I would like to highlight the fact that everything in nature and within our current known universe vibrates, pulsates, oscillates, or resonates at a given frequency. For example, planet Earth’s natural frequency pulsates at a rate of 7.83 Hertz (HZ) which is known as “Schumann’s Resonance”.  In fact, according to present string and unifying M-theory in physics, absolutely everything in the known universe—all of the particles that make up matter like protons and electrons and the various forces of nature like the gravitational force and electromagnetism—is comprised of tiny vibrating strings.  Hence, one may argue that the very fabric of nature and the universe is based on vibrations from these strings, and they are alive with their own unique musical frequencies and sounds.

In fact, our known universe vibrates at a frequency of 432 HZ, and listening to a sound at this frequency is reported to be especially pleasing to the human ear and may help to alleviate stress and promote emotional stability by putting you in sync with the heartbeat of the cosmos.

We are all familiar with how music can make us dance, sing, or change our mood.  However, sounds employed at certain frequencies have also been demonstrated to be capable of producing acoustic levitation for various objects in mid-air in laboratory settings. Acoustic levitation is defined as a method for suspending solid or liquid matter in the air against gravity using acoustic radiation pressure from high-intensity sound waves. Curiously, some prominent archeologists, Egyptologists, and ufologists alike claim that acoustic levitation with specific sound frequencies that could lift solid objects like stone slabs may have been employed to build the ancient pyramids in Egypt and other ancient structures, but this technology has long been lost with the sands of time.

The term “binaural beat” was first coined by Heinrich Wilhelm Dove in 1839, who was a physician and amateur meteorologist. Earphones were not invented during his time, so he used tuning folks and discovered that slightly different frequencies played separately to each ear in his patients produced a perception of an interference beat at the same rate as would be physically created. However, the first scientific paper was only published by the biophysicist Gerald Oster in 1973 in the journal Scientific American entitled “Auditory Beats in the Brain”.  He argued in his paper that auditory beats could be employed as an important clinical research tool for auditory and neurological disorders and may also be a potential diagnostic tool for Parkinson’s disease.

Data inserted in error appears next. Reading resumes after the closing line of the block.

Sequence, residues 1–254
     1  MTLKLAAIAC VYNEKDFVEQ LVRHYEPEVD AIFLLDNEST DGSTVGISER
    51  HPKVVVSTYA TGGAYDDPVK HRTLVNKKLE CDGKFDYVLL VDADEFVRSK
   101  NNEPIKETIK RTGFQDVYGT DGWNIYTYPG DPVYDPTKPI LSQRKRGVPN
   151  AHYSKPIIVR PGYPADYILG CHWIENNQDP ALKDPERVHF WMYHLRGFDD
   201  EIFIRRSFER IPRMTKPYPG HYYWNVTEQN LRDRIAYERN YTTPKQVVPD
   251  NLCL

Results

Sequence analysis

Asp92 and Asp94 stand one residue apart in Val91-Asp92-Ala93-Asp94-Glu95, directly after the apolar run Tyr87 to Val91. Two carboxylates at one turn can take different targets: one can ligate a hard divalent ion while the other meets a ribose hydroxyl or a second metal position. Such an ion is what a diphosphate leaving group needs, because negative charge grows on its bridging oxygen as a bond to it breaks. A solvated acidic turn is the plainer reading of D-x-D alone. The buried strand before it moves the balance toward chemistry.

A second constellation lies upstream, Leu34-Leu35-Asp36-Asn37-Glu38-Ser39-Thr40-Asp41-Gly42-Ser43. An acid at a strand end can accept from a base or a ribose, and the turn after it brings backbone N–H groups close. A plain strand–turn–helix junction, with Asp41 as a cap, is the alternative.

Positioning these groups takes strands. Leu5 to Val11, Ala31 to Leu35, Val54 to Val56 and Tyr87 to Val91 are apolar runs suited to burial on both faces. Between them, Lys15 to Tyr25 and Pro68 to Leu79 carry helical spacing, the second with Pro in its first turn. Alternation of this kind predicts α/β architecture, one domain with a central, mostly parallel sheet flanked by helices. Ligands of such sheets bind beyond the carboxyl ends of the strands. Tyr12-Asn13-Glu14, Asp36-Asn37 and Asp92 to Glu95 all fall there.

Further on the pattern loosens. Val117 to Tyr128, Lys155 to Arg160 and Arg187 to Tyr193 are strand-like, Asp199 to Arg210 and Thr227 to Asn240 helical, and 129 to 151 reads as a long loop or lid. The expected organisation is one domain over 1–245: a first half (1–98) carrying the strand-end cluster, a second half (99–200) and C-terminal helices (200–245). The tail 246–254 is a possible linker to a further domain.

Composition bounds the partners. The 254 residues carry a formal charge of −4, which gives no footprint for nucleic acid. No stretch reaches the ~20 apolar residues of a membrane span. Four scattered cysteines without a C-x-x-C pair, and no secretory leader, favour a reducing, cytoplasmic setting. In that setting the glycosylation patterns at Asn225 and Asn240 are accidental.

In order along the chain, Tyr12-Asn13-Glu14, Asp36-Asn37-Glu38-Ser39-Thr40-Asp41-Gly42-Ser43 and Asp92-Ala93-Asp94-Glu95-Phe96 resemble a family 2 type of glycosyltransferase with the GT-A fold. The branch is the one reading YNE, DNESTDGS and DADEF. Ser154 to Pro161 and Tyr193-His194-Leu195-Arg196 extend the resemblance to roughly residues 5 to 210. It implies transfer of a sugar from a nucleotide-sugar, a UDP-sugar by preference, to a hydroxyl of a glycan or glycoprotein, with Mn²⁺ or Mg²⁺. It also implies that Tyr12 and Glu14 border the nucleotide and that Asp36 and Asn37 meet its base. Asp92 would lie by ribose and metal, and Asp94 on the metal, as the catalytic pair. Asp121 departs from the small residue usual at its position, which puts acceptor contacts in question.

If a binaural beat is played over time it may synchronize with your brain waves and alter brain activity and different levels of arousal, cognition, and personal insights.  There are some preliminary investigations and reports that note that binaural beat therapy may be employed to modulate cognition analytical thinking and problem-solving, reduce stress and anxiety levels, decrease the incidence of hallucinations in patients with Schizophrenia, improve sleep quality and quantity, enhance memory recall, as well as enhance mood states. This is an area of research that certainly warrants further investigation because it may demonstrate to be of great clinical benefit for patients with dementia and for diagnosing other neurological disorders such as Parkinson’s Disease.